Worried that the Fisheries Agency may relax restrictions on commercial imports of whale sharks, a species considered “vulnerable” by the International Union for Conservation of Nature (IUCN), the Life Conservationist Association (LCA) yesterday protested the agency’s release of a draft set of regulations on importing the animals.
“The Fisheries Agency’s move is quite suspicious, since no research institutions — including the National Museum of Marine Biology and Aquarium — have expressed the need to import whale sharks for academic purposes. We do not understand why the agency needs to devise such regulations now,” Ho Tsung-hsun (何宗勳), executive director of the association’s Supervisory Committee for Animal Protection, said in a telephone interview. “We suspect that the move is to facilitate commercial imports of whale sharks under the guise of academic or scientific research.”
Ho said as soon as the agency posted the draft regulations on its Web site earlier this month, several animal rights activists, including himself, asked to meet Ministry of Education and museum officials.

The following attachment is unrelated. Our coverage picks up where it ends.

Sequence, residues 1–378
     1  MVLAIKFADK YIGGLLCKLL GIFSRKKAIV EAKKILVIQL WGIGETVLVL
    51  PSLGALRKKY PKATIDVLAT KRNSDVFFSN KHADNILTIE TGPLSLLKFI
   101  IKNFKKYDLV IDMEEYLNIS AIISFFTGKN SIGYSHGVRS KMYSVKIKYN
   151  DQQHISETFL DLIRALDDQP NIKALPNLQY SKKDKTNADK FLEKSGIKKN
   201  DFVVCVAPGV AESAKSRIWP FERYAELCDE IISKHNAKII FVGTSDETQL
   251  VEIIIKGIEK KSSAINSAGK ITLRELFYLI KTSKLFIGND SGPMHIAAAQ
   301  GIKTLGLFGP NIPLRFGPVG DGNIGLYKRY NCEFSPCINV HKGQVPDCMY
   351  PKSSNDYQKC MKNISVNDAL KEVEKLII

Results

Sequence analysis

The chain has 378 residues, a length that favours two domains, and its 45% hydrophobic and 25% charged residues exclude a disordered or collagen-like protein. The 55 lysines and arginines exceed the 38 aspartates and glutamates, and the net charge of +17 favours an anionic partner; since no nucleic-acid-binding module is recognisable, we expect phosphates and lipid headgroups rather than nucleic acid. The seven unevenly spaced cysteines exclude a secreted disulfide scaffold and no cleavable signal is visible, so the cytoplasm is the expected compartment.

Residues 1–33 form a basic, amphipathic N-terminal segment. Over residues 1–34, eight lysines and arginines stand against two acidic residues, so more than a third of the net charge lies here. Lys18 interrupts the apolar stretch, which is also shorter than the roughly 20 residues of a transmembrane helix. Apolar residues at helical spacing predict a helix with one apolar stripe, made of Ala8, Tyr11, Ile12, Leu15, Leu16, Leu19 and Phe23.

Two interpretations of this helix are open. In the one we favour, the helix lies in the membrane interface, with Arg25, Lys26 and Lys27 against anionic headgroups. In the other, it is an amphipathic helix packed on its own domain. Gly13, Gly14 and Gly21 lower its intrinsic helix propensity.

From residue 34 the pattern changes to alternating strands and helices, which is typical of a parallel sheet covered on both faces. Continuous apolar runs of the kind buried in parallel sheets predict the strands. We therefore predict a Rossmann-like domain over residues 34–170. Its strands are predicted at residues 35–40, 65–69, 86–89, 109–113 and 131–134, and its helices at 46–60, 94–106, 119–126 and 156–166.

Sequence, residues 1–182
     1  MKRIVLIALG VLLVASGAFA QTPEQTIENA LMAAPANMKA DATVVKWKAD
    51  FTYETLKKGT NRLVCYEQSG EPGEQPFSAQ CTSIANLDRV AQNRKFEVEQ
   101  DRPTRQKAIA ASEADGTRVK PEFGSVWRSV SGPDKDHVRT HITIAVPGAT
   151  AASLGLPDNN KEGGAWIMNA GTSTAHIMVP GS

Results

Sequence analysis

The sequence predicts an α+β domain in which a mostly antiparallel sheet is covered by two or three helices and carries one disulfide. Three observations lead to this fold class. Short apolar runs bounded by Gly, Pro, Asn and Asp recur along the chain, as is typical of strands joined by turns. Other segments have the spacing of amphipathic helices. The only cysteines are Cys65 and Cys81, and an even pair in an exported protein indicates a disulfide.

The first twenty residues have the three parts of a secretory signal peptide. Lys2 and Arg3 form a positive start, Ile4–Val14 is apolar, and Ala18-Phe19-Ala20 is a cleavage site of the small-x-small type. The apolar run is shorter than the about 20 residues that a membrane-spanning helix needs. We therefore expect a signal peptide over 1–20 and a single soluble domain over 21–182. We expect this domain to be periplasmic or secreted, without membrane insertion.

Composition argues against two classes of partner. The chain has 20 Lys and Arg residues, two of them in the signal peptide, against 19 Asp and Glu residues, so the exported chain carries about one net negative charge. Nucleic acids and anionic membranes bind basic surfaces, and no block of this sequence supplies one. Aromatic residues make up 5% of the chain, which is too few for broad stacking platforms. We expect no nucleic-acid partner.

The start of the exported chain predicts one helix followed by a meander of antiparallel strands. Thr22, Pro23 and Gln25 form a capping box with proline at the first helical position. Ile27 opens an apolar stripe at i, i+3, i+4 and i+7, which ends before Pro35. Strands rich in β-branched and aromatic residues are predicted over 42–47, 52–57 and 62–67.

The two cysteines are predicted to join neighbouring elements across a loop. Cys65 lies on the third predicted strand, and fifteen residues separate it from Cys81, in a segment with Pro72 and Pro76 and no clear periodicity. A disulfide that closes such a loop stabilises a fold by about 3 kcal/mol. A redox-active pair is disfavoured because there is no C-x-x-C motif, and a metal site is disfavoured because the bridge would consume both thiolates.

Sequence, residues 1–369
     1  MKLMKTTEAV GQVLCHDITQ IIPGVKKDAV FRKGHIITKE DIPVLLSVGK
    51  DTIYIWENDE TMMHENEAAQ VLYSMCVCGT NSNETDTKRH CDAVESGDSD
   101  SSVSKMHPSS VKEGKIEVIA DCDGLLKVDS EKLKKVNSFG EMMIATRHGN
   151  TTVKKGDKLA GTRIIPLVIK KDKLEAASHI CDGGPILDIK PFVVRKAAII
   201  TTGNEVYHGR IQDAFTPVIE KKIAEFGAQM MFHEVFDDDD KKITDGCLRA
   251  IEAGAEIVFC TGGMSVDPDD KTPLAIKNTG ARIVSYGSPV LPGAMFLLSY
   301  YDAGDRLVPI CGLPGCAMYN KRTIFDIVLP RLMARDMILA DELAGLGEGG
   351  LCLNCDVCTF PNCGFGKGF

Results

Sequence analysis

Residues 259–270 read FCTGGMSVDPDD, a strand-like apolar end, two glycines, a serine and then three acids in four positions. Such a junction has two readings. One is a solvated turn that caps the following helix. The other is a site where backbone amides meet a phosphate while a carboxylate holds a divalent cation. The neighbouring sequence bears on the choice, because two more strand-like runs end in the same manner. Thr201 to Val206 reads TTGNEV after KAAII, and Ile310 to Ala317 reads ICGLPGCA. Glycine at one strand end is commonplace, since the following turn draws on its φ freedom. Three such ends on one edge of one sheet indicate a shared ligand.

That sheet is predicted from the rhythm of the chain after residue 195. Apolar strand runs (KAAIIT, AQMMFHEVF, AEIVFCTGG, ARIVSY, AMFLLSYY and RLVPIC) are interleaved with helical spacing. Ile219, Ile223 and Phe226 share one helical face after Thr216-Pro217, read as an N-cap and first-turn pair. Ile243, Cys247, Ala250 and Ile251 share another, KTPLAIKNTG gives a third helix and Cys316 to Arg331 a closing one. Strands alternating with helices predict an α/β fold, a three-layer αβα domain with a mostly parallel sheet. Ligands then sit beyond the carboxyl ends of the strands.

“During a meeting on Wednesday, Deputy Minister of Education Huang Pi-tuan (黃碧端) and museum Director-General Wang Wei-hsien (王維賢) both said they have not heard that any academic or scientific institutions have any plans to import whale sharks,” Ho said. “Huang went as far as saying that the ministry has no plan to change former minister of education Wu Ching-ji’s (吳清基) decision to ban imports of whale sharks.”
If no researchers plan to import the species, “we would like to ask the Fisheries Agency why it had to go through all the trouble of drafting a set of regulations on importing whale sharks,” Ho said.